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Cybersecurity Resiliency: Backup and Protection



Whether as a result of cyber-attack or accidental, managing the risks around potential data loss – both organization and customer data – should be a primary business objective, aligned with a broader cybersecurity and business continuity strategy. Loss of data can impact an organization for days, weeks, months, or even longer. Diversified data backups serve as your primary risk management resource against data loss, whatever the cause.


Data loss can occur from:

  • Accidental damage, deletion, or modification of data

  • Hardware failure

  • Local disasters

  • Lost or stolen devices

  • Modification, deletion, or corruption of files by malware or malicious code

  • A ransomware attack requiring a large payment before files are unlocked


Your data, information, programs, and processes are the foundation of your organization and business – if you lose them, or access to them, recovery can be slow, costly, or in many cases, impossible. And in the case of critical infrastructure / critical industries, data held hostage in a ransomware attack and unavailable may severely impact the lives of the public at large.


Visibility and identification are the first steps in designing a data backup strategy - what information should be backed up and how frequently. Prioritize critical and / or high-value data, which should ideally be backed-up more frequently than non-critical data. It’s important to take a strategic view of all data being generated across all applications in use within your organization to ensure completeness.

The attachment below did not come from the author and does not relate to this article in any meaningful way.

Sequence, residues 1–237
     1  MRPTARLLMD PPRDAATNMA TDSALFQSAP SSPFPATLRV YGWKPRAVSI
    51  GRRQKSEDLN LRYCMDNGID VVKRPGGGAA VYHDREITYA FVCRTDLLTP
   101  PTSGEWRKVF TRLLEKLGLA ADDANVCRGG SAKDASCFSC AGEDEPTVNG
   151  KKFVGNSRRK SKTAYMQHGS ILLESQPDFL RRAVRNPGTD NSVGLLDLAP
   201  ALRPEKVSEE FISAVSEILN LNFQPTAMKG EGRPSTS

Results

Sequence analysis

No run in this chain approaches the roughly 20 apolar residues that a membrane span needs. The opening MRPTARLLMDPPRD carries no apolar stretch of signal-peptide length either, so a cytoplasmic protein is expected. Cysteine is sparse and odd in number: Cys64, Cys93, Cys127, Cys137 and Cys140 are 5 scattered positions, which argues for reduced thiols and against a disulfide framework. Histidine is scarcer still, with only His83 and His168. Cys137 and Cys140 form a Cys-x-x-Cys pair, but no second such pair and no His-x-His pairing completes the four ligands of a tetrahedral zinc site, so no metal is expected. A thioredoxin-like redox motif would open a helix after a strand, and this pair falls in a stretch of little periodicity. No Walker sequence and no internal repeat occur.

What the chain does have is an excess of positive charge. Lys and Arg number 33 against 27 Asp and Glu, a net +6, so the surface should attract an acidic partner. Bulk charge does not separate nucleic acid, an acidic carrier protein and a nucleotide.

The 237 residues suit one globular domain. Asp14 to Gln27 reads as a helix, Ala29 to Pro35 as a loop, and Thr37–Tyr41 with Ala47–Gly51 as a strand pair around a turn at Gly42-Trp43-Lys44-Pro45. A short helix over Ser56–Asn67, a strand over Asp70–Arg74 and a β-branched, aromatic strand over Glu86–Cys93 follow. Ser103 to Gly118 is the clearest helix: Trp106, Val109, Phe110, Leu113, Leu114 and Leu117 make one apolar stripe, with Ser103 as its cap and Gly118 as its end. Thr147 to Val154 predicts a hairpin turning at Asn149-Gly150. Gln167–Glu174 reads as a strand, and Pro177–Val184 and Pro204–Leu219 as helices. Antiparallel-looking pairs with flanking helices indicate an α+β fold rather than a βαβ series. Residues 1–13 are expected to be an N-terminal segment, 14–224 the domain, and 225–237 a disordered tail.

Data such as financial records, customer information, HR and internal information, research, proposals, and any other critical information that you can’t afford to be without should be designated and prioritized as critical / high-value. Additionally, network and systems configuration information, policy and process documents, application license information, and any applications that can’t be quickly accessed and restored from a cloud service should be included as well.


Bottom Line: If losing the data will interfere with doing business and serving your customers and stakeholders, it needs to be backed-up


Backups should occur on a regular cadence. The more critical the data is, the more often it should be backed-up. Automation is key to ensure that backups occur either after edits are made to the data – depending on the criticality – or at regularly scheduled intervals. Data designated as critical / high-value should be backed up at least daily, if not several times per day.


When implementing your backup strategy, ensure that you are creating, at a minimum, three copies of your data:

  • All copies should be encrypted

  • Two copies should be nearline and immutable: relatively easy to access for recovery and business continuity purposes, and neither copy can be altered once the backup has been written to storage medium

  • One copy should be stored completely offline, not accessible via the Internet


Once your backup strategy has been implemented, ensure that a once-monthly recovery test process is established; this provides regular validation of data integrity, as well as rapid access to and restoration of data. Your backup strategy should be documented and made available to your organization’s incident response team.


As a key element of your organization’s business continuity processes and planning, a sound data backup strategy is the single best proactive defense against systems failure, data mishap, and system compromise / ransomware attack.


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Silent Quadrant is a Washington, D.C.-based digital protection agency and consulting practice. Founded in 1993, Silent Quadrant has delivered incomparable digital security, digital transformation, and risk management within the world's most influential government affairs firms, associations, and small and medium size businesses throughout the United States for the past 28 years.

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